There are many doubts that we have about different aspects, from the types of tea that exist, to how long it takes to prepare it or how to preserve it.
Through these nine questions and answers, It’s Never Not Teatime wants to solve the most common doubts, unveil false myths that have been created around tea, and help us know more about its properties and origins.
How Many Types of Tea Are There?
Depending on the elaboration process carried out (mainly the degree of fermentation/oxidation), different types of tea are obtained.
The four main types of tea are:
Black: fully fermented tea that has been completely oxidized during the brewing process. Hence it has a stronger flavor and a darker color than the others.
Green: unfermented tea (hence its intense green color) in which the oxidation process is stopped immediately with the application of heat, by wok drying (China) or steaming (Japan – “Sencha” method). Depending on the process, the aromatic nuances of green tea vary. Wok-dried green tea is reminiscent of roasting, while steam-heated Sencha green tea has herbal and fresher nuances.
Oolong: semi-fermented tea brewed in a similar way to black tea but with a more greenish-coppery color and a milder flavor. This tea traditionally comes from small cultivation areas in Fiji (China), Eastern Guangdong, and Taiwan, where it is known as Formosa Oolong.
White: it is named after the white hairs that cover the tea buds before the buds have opened. Currently, the British Tea Council defines white tea as tea obtained by picking the tea buds, which the first young leaves may accompany.
This tea has been dried naturally and has not undergone any fermentation. This makes it the elite of teas, with the smooth and fresh taste of pure tea leaves. It maintains its light color because it does not undergo any oxidative process during its elaboration. It often resembles green tea, but it is not rolled before drying.
Is Rooibos Also Called Tea?
No, rooibos, also known as South African red tea, does not come from the Camellia sinensis plant.
Instead, it is made from the leaves of Aspalathus linearis, a small shrub that grows in the Cedar Mountains in Cape Town, South Africa.
The resulting infusion has a mild, aromatic flavor with a sweet aftertaste.
What Is the Tea Brewing Method?
The tea brewing process takes place in several steps, depending on the type of tea you want to obtain. First, the tea leaves are harvested. Then they are left to wither, allowing the fresh leaves to lose some of their moisture; subsequently, they are rolled or cut so that the enzymes involved in oxidation/fermentation are activated in the case of black or oolong tea. Finally, the tea leaves are heated with hot air to stop oxidation and dry the leaves.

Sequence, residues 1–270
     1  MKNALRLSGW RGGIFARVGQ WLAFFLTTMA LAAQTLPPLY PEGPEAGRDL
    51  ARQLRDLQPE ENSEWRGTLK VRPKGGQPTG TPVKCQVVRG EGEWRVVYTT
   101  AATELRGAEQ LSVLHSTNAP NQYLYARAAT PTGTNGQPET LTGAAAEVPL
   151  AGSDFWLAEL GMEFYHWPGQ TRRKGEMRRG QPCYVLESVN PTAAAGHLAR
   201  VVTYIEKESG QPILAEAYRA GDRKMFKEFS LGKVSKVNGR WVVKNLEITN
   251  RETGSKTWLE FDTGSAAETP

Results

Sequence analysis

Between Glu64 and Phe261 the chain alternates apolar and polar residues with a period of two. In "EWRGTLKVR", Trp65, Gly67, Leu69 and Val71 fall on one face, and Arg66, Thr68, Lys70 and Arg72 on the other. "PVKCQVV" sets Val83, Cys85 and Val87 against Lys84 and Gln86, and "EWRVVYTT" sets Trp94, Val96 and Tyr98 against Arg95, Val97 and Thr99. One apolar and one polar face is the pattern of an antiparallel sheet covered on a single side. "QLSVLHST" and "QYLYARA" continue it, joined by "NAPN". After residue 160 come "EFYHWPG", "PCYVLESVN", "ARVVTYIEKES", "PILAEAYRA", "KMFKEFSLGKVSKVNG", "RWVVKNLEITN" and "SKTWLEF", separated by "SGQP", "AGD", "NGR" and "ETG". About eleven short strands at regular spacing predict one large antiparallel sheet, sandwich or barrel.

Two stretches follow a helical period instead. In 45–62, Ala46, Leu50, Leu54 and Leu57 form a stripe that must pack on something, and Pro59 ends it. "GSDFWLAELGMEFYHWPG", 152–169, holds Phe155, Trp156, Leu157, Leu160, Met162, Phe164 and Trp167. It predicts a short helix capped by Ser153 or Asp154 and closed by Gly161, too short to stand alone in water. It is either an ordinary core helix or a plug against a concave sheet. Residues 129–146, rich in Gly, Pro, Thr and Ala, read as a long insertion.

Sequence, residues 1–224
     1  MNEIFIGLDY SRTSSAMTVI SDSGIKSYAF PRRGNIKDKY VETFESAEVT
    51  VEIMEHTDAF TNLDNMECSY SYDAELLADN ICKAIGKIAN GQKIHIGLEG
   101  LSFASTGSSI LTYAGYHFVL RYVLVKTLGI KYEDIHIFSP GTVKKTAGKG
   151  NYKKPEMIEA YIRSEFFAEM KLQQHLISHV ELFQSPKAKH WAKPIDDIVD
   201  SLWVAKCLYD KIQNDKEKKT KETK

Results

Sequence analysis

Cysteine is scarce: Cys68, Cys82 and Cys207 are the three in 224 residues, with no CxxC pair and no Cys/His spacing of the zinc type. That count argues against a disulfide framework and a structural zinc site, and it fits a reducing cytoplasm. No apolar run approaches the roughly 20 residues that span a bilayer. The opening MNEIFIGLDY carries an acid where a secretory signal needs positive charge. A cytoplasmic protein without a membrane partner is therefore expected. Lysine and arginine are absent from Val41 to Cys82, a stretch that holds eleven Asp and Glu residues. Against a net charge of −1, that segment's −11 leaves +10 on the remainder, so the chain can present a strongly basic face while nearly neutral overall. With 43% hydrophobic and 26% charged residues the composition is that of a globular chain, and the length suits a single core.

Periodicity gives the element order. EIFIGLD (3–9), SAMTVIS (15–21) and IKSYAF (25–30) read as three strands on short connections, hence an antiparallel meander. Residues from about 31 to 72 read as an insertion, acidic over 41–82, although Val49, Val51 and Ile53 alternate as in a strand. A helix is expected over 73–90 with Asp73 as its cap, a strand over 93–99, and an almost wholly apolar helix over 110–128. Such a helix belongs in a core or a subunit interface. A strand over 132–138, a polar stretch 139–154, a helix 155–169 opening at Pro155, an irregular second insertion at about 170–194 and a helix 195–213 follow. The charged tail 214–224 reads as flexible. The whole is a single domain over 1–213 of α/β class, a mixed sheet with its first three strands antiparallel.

What is Blending?
Blends are the different mixtures used to make each type of tea. The purpose of blending different types of tea is to obtain a constant quality and flavor from a variable raw material at the best possible price. A blend can consist of twenty or more original types of tea.
Blenders are therefore people specialized in tasting and blending different types of tea.
What Is the Ideal Time for Tea Preparation?
There is no set time, but it usually varies between 2-5 minutes. Individual preference and taste will determine the brewing time. This factor, together with the temperature of the water and the size of the leaves used will be the main factors that will determine the flavor, color, and nutrients of the tea infusion.
How Many Calories Do Tea and Infusions Provide?
The caloric contribution of tea and infusions themselves is practically nil since their major component is water. The caloric content only increases if milk or any natural sweetener such as sugar or honey is added.
Does Tea Contain Caffeine, Theine, or Both?
The concept of theine is a rather colloquial term that, at a scientific level, is replaced by the word caffeine, referring to the same component that is present, for example, in coffee.
However, a cup of tea contains approximately half as much caffeine as a cup of filtered coffee.
Is Tea a Diuretic?
It is known that excessive consumption of caffeine (>300mg) can increase diuresis. However, the caffeine content of tea is much lower compared to other caffeinated beverages. Therefore, tea is not considered a diuretic beverage. A cup of tea, however, provides between 200-250ml of liquid, so it contributes to increasing our fluid intake thus promoting liquid exertion.
Are There Any Recommendations for Keeping Tea in Good Condition?
Tea should be kept in a cool, dry, and dark place, preferably in a container that keeps it away from the outside and heat sources, without humidity or odors that could contaminate the original aroma of the tea.